To start the day with a sketch, right-click 03_24 and select New | Image in the drop-down list. Entering an intuitive name for the drawing brings up an empty drawing workspace in a separate tab with your choice of name. The Designer button, bottom left, displays a menu in the program workspace, allowing you to set the brush size, color, and outline for the drawing (Figure 4). If you drag the mouse over the tab with the drawing workspace name, the mouse cursor becomes a cross, and left-clicking closes the drawing. The nice thing is that you don't need to save the image; it is moved automatically to the 03_24 folder.
To create a to-do list instead of a drawing, right-click 03_24 and select New | To-do. Now you can Add a new task in the form of a Summary. The task then appears in the large area below. Clicking Priority, Complete, or Due Date/Time opens a pop-up menu in which you can add more detail for the characteristic. Complete lets you specify the percentage of the task you have finished, with a progress indicator to help you visualize it.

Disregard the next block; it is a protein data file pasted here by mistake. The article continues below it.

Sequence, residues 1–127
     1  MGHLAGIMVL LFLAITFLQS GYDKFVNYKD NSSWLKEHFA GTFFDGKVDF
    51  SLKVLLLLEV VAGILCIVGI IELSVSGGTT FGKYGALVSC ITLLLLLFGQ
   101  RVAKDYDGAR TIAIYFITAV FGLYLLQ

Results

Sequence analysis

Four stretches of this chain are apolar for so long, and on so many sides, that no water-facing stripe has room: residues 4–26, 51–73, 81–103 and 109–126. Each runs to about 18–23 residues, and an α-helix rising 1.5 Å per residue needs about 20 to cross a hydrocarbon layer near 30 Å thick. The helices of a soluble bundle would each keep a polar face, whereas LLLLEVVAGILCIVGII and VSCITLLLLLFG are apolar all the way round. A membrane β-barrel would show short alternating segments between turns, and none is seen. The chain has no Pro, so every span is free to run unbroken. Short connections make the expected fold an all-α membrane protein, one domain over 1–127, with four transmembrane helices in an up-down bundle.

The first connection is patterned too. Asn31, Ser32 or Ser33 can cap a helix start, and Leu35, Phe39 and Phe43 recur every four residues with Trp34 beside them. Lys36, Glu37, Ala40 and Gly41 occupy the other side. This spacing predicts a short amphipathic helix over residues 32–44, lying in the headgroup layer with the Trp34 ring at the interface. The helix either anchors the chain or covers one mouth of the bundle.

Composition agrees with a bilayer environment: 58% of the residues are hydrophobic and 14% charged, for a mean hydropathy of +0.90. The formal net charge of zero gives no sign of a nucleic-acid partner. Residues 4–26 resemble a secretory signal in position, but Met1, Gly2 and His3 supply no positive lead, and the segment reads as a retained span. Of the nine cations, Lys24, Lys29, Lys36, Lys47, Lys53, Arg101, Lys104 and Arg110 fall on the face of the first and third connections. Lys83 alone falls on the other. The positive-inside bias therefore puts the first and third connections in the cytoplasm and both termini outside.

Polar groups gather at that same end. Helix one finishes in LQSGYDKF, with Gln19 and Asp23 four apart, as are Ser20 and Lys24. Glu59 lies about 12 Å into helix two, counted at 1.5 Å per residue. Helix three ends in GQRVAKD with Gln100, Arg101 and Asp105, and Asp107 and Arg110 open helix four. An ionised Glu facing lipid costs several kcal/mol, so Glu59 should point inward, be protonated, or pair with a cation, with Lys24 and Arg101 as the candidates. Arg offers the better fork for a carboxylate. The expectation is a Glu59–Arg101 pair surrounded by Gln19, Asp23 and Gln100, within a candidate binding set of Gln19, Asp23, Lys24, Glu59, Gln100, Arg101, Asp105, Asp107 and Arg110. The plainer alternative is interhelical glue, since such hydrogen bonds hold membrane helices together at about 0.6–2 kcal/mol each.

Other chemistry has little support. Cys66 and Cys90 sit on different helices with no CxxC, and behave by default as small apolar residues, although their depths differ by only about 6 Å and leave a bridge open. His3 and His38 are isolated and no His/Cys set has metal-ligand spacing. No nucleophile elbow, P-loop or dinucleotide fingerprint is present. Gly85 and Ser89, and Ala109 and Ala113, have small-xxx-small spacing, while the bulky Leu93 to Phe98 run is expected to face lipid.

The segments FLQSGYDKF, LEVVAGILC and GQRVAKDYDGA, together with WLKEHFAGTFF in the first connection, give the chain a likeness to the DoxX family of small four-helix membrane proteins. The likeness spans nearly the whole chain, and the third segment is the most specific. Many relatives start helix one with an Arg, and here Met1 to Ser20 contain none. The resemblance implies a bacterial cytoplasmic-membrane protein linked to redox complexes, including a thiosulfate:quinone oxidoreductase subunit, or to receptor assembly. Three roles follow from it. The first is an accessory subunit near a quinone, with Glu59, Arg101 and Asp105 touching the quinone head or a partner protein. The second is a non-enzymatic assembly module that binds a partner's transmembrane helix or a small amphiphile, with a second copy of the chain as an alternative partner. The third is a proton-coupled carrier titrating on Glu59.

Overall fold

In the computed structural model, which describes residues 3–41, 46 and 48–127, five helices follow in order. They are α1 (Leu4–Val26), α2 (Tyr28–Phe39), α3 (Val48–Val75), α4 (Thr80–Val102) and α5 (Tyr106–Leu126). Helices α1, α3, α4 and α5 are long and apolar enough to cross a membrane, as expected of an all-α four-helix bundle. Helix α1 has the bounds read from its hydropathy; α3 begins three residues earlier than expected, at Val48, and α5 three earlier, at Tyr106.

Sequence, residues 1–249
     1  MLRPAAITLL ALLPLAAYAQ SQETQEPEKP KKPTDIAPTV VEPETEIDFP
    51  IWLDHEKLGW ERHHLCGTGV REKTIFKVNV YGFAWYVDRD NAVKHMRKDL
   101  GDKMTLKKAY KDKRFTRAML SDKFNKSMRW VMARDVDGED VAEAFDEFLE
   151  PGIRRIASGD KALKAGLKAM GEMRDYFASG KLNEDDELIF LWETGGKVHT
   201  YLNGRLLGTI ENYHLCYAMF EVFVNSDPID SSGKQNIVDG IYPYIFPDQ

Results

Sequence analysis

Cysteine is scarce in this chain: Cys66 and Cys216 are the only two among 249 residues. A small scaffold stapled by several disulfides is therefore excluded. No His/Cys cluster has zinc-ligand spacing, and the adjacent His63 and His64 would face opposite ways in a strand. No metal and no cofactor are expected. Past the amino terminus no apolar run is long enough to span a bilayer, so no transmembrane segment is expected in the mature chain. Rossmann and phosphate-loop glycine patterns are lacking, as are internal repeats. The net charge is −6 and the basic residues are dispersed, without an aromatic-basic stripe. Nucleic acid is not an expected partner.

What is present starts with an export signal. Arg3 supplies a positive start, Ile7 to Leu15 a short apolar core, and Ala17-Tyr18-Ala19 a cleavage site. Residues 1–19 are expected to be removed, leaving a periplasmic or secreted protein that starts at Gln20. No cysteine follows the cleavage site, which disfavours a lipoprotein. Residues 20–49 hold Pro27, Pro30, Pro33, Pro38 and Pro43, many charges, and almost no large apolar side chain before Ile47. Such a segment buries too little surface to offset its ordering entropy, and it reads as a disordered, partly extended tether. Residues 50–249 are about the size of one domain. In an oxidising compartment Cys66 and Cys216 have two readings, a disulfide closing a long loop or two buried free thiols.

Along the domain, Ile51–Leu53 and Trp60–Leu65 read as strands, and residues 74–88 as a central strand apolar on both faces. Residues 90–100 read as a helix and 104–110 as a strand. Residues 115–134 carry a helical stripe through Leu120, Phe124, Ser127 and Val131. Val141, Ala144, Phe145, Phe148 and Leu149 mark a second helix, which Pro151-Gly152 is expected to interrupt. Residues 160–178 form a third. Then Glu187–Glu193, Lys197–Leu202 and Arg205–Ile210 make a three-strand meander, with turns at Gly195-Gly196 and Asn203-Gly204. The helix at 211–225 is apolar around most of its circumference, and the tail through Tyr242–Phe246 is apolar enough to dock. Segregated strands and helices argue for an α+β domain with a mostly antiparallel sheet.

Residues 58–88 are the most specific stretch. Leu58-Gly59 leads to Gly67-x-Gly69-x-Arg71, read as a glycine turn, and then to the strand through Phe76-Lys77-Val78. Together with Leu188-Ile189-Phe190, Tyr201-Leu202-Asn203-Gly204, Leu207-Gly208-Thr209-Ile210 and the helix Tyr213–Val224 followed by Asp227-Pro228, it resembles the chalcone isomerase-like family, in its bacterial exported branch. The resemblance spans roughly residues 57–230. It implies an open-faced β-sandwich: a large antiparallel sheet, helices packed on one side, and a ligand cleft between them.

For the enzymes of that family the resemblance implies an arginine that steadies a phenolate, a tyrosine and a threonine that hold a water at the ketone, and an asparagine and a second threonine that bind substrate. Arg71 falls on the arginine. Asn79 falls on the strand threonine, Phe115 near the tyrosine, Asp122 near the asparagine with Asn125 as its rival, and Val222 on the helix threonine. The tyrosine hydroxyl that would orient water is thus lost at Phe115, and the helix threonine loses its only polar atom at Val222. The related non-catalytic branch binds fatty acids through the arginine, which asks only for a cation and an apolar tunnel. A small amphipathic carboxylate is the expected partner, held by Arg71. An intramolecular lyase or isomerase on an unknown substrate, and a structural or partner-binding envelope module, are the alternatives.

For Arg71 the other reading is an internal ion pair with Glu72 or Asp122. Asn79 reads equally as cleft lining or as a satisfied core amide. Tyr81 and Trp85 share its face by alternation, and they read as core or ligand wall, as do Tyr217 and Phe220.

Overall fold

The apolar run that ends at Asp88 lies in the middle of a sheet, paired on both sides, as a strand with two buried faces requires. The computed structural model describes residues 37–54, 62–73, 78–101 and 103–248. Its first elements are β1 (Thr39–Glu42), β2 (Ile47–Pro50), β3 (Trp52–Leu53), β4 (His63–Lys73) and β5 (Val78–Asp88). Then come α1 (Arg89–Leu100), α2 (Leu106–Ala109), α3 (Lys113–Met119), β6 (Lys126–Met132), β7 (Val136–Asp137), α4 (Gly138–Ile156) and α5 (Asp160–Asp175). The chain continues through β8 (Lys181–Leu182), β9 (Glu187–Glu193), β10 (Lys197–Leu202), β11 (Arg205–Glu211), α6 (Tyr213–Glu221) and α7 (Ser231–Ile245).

More options are available in the menu. For example, you can display Statistics of completed and open tasks. Delete completed lets you remove tasks you have finished. Clicking the Summary button in the middle, bottom left, takes you to a status list for all your tasks, assuming they have a completion date. Tasks due today are listed under the Due Date/Time list. When closed, the to-do list is also saved in your 03_24 folder.
A new study says it is possible to unmask 81% of TOR users.
Redmond joins the revolution by turning the .NET Core Runtime into a GitHub project.
Users only had 7 hours to update before the intrusions started.
It's official: The new web arrives
Kernel king admits his tone has alienated volunteers, but says the demands of the process require directness.
New flaw in an old encryption scheme leaves the experts scrambling to disable SSL 3
Lennart Poettering wants to change the way Linux developers talk to each other.
Enterprise giant frees itself from ink and home PCs (and visa versa).
Mozilla’s product think tank sinks silently into history.
TODO group will focus on open source tools in large-scale environments.